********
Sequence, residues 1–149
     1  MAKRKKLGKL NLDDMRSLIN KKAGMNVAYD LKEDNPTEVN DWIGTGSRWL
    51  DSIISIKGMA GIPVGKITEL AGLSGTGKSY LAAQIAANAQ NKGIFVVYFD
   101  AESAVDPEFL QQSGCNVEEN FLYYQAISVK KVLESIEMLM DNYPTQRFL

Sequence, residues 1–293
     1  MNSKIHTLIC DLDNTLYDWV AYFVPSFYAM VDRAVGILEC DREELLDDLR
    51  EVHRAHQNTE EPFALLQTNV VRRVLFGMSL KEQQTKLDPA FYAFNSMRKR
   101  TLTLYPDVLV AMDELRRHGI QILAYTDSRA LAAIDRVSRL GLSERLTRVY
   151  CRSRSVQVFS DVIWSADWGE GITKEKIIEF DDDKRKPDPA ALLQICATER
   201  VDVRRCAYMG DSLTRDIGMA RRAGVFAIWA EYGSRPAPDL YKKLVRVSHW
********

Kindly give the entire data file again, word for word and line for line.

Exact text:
Sequence, residues 1–149
     1  MAKRKKLGKL NLDDMRSLIN KKAGMNVAYD LKEDNPTEVN DWIGTGSRWL
    51  DSIISIKGMA GIPVGKITEL AGLSGTGKSY LAAQIAANAQ NKGIFVVYFD
   101  AESAVDPEFL QQSGCNVEEN FLYYQAISVK KVLESIEMLM DNYPTQRFL

Sequence, residues 1–293
     1  MNSKIHTLIC DLDNTLYDWV AYFVPSFYAM VDRAVGILEC DREELLDDLR
    51  EVHRAHQNTE EPFALLQTNV VRRVLFGMSL KEQQTKLDPA FYAFNSMRKR
   101  TLTLYPDVLV AMDELRRHGI QILAYTDSRA LAAIDRVSRL GLSERLTRVY
   151  CRSRSVQVFS DVIWSADWGE GITKEKIIEF DDDKRKPDPA ALLQICATER
   201  VDVRRCAYMG DSLTRDIGMA RRAGVFAIWA EYGSRPAPDL YKKLVRVSHW